Margaret Klaw, a family lawyer in Philadelphia, recounts in the opening chapter of her memoir “Keeping It Civil: The Case of the Pre-nup and the Porsche & Other True Accounts from the Files of a Family Lawyer” (Algonquin Books of Chapel Hill, $24.95), the story of a young (unmarried) couple fighting over the custody of their young child. After the father tried to choke the mother, the mother filed a protective order to keep the father away from the child. The father retaliated by accusing her of being a drug addict. When a judge ruled that the father’s parents would get custody of the child, the woman was hysterical and distraught.
This past week at a reading of his new book, “Lookaway, Lookaway,” Wilton Barnhardt told the crowd at The Regulator Bookshop in Durham that reviewers were giving away some plot details of the North Carolina-set Southern novel. So this reviewer will do her best to hold back some twists of the Jarvis Johnston family that make this the fabulous Southern novel that it is. And by Southern, an example of gloriously flawed characters and epic storytelling and a hilarious clash of Old South and New South and flair for the dramatic without being a novel that uses “I declare” with abandon.
In the opening chapter of Jojo Moyes’ new novel “The Girl You Left Behind” (Viking, $27.95), Sophie Lefevre confronts an officer from the German army who is following up on a rumor that her family is harboring “illegal livestock.”
North Carolina has a rich musical history: Nina Simone, John Coltrane and Doc Watson are a few of the great artists who grew up in this state. Photographer and writer Daniel Coston pays homage to musicians past and present in “North Carolina Musicians: Photographs and Conversations” (McFarland publishers, $39.95, softcover).
Melody Moezzi once tried to commit suicide in a psychiatrist’s office, and had hallucinations in which Joseph Stalin and her fourth-grade teacher were participants. How she struggled to understand her bipolar illness and became an advocate and spokesperson for mental illness is the subject of Moezzi’s compelling memoir, “Haldol and Hyacinths: A Bipolar Life.”
As the winter solstice draws near, time is speeding up. Classroom bells ring too fast, teachers who are normally punctual show up late, a pumpkin decomposes in minutes, and what appears to be a solid world is no longer solid. Edward’s Aunt Kit warns him, “Something’s been set loose that shouldn’t have been. You’d better get up. Your help may be needed.”
Sahar, the narrator of author Sara Farizan’s first novel “If You Could Be Mine,” and her best friend Nasrin have been in love since they were young children. Now in their teens, they struggle with how to express their love in a country where their feelings are forbidden.
Edward, Feenix, Nasrin and Sahar are among the characters Algonquin Books of Chapel Hill will introduce with its new line of books for young readers. This fall, Algonquin Young Readers will publish five titles geared toward readers ages 7 to 17.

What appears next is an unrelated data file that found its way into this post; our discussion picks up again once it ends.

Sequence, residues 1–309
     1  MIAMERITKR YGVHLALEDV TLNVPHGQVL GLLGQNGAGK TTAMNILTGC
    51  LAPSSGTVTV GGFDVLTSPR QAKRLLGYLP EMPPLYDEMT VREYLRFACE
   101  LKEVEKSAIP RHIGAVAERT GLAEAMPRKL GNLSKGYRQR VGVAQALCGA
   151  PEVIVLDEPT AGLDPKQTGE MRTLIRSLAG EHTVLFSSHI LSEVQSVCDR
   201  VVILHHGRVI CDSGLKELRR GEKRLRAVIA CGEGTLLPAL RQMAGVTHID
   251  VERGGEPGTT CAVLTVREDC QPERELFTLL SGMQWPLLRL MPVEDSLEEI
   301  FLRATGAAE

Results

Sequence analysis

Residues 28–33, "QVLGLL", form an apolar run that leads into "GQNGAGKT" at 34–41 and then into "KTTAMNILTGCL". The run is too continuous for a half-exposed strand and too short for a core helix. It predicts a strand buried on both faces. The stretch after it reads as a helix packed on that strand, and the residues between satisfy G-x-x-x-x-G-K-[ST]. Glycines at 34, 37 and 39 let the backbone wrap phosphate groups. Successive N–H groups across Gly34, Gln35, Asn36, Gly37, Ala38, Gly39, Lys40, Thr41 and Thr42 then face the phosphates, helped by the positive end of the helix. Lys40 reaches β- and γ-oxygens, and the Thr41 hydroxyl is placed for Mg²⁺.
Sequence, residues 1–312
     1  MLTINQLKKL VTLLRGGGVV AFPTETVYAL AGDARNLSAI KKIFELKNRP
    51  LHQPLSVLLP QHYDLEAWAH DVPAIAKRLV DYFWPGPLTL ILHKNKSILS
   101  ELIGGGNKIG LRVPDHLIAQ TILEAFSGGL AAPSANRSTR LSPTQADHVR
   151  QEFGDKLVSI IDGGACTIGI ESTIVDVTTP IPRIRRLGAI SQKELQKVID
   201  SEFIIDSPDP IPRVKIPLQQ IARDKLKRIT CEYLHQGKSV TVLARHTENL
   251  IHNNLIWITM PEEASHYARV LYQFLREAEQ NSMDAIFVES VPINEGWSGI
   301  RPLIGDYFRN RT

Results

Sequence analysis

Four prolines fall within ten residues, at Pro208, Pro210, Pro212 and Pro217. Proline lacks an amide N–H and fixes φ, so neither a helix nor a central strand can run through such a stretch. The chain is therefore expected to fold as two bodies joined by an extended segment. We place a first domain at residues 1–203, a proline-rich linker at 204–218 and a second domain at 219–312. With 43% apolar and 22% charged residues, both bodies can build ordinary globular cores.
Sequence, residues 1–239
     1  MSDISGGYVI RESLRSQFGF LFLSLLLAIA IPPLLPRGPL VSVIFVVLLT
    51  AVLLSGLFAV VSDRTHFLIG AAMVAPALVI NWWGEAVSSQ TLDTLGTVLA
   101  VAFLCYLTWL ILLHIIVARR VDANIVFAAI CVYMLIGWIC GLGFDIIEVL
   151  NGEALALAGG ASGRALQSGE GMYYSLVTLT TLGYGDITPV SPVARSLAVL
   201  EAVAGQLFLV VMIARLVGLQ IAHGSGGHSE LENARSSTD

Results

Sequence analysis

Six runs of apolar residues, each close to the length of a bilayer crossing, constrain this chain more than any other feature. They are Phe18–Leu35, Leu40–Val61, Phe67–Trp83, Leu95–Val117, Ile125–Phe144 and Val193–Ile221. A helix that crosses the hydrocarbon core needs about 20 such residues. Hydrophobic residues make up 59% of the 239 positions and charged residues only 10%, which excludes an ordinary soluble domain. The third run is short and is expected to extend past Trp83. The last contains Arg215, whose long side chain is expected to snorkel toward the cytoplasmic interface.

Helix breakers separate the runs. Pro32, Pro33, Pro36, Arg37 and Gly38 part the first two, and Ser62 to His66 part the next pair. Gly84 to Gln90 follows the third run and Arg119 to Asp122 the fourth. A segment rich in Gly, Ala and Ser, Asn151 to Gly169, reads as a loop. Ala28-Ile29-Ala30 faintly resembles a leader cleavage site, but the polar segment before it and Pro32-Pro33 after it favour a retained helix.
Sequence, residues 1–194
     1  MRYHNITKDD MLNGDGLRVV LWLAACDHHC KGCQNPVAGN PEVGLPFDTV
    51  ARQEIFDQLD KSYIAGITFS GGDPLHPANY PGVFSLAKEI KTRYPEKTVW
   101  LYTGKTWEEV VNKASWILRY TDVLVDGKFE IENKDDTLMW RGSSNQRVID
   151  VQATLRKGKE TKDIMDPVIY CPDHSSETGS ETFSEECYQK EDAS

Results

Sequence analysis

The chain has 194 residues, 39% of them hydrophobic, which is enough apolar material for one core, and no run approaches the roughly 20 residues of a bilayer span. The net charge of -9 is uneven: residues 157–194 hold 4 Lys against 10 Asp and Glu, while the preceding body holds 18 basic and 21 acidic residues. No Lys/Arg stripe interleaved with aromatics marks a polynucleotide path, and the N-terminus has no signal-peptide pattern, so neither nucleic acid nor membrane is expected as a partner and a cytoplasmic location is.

Durham multi-instrumentalist Alex Weiss has published “Peruvian Adventures,” a memoir of his adventures hiking and traveling in that country with his wife, Li-Lan Hsiang Weiss. His instruments – a pocket trumpet, a flute, a harmonica, and sometimes hand drums – were also constant companions, and Weiss and friends often would play music in open spaces.
UNC professor William Ferris calls the South “a land of talkers” in his coming collection of interviews, “The Storied South: Voices of Writers and Artists” (University of North Carolina Press, $35, hardcover). The book is a collection of interviews Ferris has conducted during his life as a writer and historian. He groups the interviews according to professions – writers, scholars, musicians, photographers and painters. “I sought out these individuals,” he writes in his introduction, “because their work helps me understand my life as a southerner.”
Why do people get together to sing – not professionals, but amateurs? For author Stacy Horn, singing “is the one thing in my life that never fails to take me to where disenchantment is almost nonexistent and feeling good is pretty much guaranteed.”
Children's literature author, educator and musician John Claude Bemis, the region's 2013 Piedmont Laureate, will be presenting six programs in Durham County, co-sponsored by the Durham Arts Council and the Durham County Library.
Ron Rash talks about “The Cove” on North Carolina Bookwatch today at noon and Thursday at 5 p.m.
Ken Ilgunas graduated from the University of Buffalo with $32,000 in student loan debt. Determined to pay off that debt before going to graduate school, Ilgunas worked as a tour guide, cook, maintenance worker and other jobs.